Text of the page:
Thank goodness for a husband who quickly challenges the untruths I speak. Dave responded by pointing me to a forum post from a woman who was venting about an unpleasant experience at a sporting goods store. She approached a salesperson, asked for information about a particular sports bra, and was dismissed with the remark, "You don't look like a runner." Maybe this woman's legs weren't the right shape, or maybe she even carried a little extra weight around her waist. In any case, an interaction like this is can be devastating to a sensitive runner.
What does a runner look like?
The other day, I spied my kids checking out my latest issue of Runners' World magazine. Wow, I thought, I'm encouraging the next generation of runners by leaving my reading material on the floor! When I asked what they were doing, they told me that they were looking at belly buttons. I believe it. There are, indeed, many pictures of belly buttons in Runner's World. Belly buttons on super-thin, very muscular, tan, young, beautiful people. Runners of course.
Is this what a runner looks like?
I'll show you what a runner looks like.
Below are my sister's reflections on this subject. Please check out more of her writing at http://revisionsblog.blogspot.com/
And I'd love to hear your response to this topic too...
If you had to guess a sport I play, you’d probably pick basketball. And you’d be right. Sort of.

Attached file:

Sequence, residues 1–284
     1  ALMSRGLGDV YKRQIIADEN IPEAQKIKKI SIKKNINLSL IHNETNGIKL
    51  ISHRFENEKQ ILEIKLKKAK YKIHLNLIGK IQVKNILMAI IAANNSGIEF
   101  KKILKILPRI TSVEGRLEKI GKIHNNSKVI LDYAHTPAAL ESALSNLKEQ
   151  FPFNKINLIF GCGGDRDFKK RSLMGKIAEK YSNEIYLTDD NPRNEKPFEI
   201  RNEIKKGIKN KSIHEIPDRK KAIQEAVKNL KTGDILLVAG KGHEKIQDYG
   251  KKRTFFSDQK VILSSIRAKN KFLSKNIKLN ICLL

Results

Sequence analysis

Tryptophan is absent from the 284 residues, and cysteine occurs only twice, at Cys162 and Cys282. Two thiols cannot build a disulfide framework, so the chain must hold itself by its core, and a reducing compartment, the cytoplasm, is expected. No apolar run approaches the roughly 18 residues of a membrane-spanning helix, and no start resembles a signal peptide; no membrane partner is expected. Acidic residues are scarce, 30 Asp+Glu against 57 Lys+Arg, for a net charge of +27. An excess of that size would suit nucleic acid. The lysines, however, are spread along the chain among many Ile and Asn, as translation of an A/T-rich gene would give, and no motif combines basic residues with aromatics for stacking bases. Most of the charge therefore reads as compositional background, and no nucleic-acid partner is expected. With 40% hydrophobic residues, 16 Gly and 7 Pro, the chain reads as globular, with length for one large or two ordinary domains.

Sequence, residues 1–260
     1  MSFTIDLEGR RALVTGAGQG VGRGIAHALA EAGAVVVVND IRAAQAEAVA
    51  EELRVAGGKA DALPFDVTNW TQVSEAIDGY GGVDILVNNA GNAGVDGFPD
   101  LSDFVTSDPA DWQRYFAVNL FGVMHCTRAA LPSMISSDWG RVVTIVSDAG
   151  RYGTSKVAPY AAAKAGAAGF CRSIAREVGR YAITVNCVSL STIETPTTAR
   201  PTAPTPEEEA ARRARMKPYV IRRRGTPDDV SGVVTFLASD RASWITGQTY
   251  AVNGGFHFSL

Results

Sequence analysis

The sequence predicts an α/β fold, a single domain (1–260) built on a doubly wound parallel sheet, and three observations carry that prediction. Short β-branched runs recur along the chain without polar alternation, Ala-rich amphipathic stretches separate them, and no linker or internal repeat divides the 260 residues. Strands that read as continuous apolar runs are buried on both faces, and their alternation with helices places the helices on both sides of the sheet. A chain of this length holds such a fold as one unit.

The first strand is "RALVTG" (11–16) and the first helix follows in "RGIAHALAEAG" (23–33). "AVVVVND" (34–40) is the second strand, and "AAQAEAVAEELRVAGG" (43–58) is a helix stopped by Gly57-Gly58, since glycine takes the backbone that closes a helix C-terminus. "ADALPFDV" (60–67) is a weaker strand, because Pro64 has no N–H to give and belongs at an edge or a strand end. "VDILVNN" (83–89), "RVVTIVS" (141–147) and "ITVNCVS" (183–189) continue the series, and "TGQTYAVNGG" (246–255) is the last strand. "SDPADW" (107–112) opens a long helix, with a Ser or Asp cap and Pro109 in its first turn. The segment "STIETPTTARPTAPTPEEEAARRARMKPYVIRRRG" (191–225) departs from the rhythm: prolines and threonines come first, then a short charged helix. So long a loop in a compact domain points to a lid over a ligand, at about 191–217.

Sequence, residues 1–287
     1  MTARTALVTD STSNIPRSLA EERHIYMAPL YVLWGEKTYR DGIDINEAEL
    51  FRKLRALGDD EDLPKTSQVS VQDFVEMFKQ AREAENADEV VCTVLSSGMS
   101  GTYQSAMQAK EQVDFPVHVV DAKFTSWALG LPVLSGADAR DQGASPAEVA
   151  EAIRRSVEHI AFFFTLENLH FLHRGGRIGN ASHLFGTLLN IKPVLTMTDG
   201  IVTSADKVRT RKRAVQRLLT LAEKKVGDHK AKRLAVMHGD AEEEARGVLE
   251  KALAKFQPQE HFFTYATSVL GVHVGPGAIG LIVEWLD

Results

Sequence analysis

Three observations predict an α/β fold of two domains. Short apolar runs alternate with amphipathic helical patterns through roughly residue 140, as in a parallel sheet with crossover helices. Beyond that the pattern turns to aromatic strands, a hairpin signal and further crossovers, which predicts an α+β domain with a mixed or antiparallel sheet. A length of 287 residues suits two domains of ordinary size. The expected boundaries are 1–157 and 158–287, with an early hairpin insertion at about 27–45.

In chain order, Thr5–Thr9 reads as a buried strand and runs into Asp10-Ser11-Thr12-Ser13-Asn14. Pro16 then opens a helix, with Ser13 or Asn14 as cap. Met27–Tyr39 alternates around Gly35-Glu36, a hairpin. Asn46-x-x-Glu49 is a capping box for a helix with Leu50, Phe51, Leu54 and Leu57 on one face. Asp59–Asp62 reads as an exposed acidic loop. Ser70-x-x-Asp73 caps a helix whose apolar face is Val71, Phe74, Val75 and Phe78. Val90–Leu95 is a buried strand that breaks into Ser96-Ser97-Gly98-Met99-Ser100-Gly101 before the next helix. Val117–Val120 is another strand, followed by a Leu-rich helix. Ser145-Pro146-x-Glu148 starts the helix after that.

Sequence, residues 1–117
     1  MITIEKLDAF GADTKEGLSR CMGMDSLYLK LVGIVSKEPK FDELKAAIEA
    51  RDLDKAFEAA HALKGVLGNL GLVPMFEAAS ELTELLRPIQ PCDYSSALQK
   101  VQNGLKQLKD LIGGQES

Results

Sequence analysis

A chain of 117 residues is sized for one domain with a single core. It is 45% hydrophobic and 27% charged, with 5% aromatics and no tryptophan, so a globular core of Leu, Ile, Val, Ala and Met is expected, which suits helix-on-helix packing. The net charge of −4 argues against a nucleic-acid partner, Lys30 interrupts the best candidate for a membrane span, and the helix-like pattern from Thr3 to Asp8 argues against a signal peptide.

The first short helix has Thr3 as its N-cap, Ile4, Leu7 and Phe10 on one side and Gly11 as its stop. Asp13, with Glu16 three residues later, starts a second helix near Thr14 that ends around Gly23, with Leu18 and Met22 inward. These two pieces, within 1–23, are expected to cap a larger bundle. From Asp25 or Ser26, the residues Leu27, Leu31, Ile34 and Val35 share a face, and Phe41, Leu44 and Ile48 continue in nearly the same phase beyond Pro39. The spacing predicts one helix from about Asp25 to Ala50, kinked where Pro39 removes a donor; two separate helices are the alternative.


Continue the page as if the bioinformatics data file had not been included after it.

At 5’11” and with a wide build, I was trained in high school to use my body to block out and get the rebound. I wasn’t the fast, agile center.
But that’s all guess work, based on common assumptions about athletes and their build. You wouldn’t guess that running is my thing.
A few months ago, I was discussing some knee inflammation with a doctor. This has been a chronic, mysterious symptom, one I suspect is related to an auto-immune disease I was diagnosed with a few years ago. My doctor — a large, athletic middle-eastern man with broad shoulders and a strong handshake — didn’t inspect my knee. Instead he encouraged biking or swimming for a cardio workout. “People built like you and me, we aren’t meant to be runners.”
We both knew what he meant — he didn’t need to explain further. He was referring to tall, broad folks with some meat on their bones. Runners, the assumption goes, are small, thin, all muscle and bone. Narrow hips and natural athleticism don’t hurt.
The thing is, I love running. I don’t pretend to think I’ll ever be competitive. I probably won’t ever run in the Boston marathon (you need to qualify for it). My fastest mile split to date is somewhere around 8.5 minutes, which really isn’t fast by most standards.
But there’s just something about it. It’s the joy of being outside. It’s getting up the hill. It’s racing the sun as it rises in the morning, or chasing it when it goes down. It’s exploring your city from a whole new perspective and discovering streets and alleys and vistas you might never have seen if you hadn’t been running through it.
So that’s why, when my doctor suggested running wasn’t for me, hot tears threatened my eyes and I had to look down to blink them away. After the hurt had passed (the hurt from his insensitive comment and all that had been implied by messages I’d received before this one), I smiled a little to myself. I remembered how so often people’s comments mirror their own disappointment and have little to say about me. And I renewed my commitment to give my desire to run — and enjoy it —precedence over whatever my build might say about me. Or what sport I should play.